HSBC Global Asset Management (Canada) Ltd., a fund manager, is paying more than $1 million to resolve regulatory concerns that investors may have been harmed when they were forced to redeem mutual funds after the firm stopped doing business with certain independent dealers.
In a settlement with the British Columbia Securities Commission (BCSC), HSBC agreed to pay $350,000 to the regulator, and to set aside $700,000 to pay compensation to affected investors.
The deal stems from a finding that the firm violated securities rules when it required certain investors to redeem their HSBC mutual fund holdings after it terminated its distribution agreements with 51 third-party dealers.
Those dealer agreements were terminated in order to comply with new global compliance standards that were being implemented throughout HSBC Group.
In total, the firm required 1,042 accounts at 51 dealers to redeem approximately $21.9 million worth of fund holdings.
According to the settlement, the action was potentially unfair to investors who weren’t allowed to keep holding units that were bought on the basis that they were suitable for long-term time horizons.
The action could have caused other kinds of harm to investors as well, the agreement said — such as unanticipated tax consequences, or requiring investors to crystallize unrealized losses.
At the same time, the settlement also acknowledges that the firm didn’t profit from the required redemptions and that it acted in “good faith.”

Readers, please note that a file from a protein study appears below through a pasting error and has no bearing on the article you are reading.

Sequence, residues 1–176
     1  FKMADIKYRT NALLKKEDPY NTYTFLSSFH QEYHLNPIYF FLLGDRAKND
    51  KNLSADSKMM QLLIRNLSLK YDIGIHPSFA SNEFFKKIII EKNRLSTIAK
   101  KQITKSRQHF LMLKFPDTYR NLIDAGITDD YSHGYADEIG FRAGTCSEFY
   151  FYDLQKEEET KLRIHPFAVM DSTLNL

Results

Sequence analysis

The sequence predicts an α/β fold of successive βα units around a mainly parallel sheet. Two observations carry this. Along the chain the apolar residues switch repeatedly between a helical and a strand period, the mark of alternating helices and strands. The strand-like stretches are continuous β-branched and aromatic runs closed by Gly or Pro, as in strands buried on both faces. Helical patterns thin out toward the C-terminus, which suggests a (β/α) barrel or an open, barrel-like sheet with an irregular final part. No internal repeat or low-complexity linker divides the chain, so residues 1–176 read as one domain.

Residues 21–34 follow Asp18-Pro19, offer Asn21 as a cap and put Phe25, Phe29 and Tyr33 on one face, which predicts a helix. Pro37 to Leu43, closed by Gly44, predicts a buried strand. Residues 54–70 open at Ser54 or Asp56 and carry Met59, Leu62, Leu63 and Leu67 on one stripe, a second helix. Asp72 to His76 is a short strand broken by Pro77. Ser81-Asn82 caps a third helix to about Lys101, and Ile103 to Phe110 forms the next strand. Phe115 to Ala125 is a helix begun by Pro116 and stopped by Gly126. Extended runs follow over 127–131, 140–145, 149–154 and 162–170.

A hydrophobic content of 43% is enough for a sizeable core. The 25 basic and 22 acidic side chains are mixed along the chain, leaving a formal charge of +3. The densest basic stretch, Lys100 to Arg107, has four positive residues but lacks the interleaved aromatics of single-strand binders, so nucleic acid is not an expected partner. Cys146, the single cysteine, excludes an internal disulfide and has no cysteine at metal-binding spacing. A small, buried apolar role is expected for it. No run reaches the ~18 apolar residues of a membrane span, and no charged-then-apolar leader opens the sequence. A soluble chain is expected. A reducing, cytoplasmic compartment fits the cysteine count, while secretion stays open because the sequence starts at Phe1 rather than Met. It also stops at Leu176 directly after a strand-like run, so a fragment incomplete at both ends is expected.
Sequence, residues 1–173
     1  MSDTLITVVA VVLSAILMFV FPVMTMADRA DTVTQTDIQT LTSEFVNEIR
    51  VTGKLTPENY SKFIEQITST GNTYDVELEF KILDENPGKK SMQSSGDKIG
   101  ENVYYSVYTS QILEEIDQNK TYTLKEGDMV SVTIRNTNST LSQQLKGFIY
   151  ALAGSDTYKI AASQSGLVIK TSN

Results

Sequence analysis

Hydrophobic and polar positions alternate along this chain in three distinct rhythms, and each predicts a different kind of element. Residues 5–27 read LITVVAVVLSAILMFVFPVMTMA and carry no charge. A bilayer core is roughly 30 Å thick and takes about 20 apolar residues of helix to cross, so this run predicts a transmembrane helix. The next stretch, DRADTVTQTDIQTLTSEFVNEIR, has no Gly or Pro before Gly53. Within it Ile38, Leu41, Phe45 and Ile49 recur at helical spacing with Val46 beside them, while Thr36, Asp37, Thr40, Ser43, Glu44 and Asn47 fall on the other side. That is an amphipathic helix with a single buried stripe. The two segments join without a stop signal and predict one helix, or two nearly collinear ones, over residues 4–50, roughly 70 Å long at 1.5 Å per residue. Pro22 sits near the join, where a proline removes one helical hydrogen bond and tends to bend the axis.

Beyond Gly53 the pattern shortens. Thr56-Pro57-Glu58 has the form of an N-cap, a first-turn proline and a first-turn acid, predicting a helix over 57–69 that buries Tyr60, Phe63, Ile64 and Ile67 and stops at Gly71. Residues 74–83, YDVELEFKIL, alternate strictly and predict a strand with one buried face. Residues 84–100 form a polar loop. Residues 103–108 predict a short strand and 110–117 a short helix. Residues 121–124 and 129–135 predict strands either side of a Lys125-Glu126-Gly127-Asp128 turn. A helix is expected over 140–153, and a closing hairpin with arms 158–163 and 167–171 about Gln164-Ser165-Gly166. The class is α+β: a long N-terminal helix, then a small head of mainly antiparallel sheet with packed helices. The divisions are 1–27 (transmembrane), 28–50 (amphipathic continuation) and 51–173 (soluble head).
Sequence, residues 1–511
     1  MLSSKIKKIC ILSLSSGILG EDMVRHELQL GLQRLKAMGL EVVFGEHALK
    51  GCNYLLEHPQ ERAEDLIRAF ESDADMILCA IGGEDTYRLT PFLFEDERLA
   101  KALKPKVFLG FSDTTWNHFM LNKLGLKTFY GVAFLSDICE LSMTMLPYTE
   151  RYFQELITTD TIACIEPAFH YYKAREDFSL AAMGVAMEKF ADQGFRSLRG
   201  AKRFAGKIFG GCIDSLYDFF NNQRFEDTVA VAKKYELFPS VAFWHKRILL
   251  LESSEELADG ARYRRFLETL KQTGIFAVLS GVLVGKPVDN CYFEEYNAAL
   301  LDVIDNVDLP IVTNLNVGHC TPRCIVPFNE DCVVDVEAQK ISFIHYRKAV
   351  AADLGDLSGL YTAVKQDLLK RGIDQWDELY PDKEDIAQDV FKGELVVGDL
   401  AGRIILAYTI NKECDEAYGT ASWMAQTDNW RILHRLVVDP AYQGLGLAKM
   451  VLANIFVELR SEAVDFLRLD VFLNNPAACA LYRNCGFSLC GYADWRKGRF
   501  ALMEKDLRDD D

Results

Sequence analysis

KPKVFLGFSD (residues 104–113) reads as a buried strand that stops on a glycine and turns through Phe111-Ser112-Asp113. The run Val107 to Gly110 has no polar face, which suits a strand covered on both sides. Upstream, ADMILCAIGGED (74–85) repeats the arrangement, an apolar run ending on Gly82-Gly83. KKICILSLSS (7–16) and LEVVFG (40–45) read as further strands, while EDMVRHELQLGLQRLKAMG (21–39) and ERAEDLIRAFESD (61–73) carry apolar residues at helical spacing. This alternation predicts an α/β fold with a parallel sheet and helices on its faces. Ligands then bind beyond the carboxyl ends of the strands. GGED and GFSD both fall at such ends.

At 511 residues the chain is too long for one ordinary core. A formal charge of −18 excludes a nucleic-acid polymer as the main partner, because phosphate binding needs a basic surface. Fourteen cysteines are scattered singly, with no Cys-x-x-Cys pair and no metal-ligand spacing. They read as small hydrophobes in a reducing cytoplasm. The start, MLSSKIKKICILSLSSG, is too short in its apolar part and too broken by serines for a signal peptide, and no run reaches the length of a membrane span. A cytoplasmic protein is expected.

The agreement also noted that HSBC fully cooperated with the BCSC, made early admissions about the alleged conduct and committed to compensating harmed investors.
In a statement, HSBC said, “We initiated our actions in accordance with the terms and conditions of the dealer agreements and in good faith with a view to advancing the global standards which we believed to be in the best interests of the funds. The agreement acknowledges that HSBC did not profit in any way in this matter. We are pleased to have this matter settled and have already begun the process of compensating the impacted unitholders.”
Of the $700,000 that the firm agreed to set aside for investor compensation, HSBC has already determined that $625,000 will be paid to approximately 750 accounts. Any unpaid compensation amounts will be paid to the commission.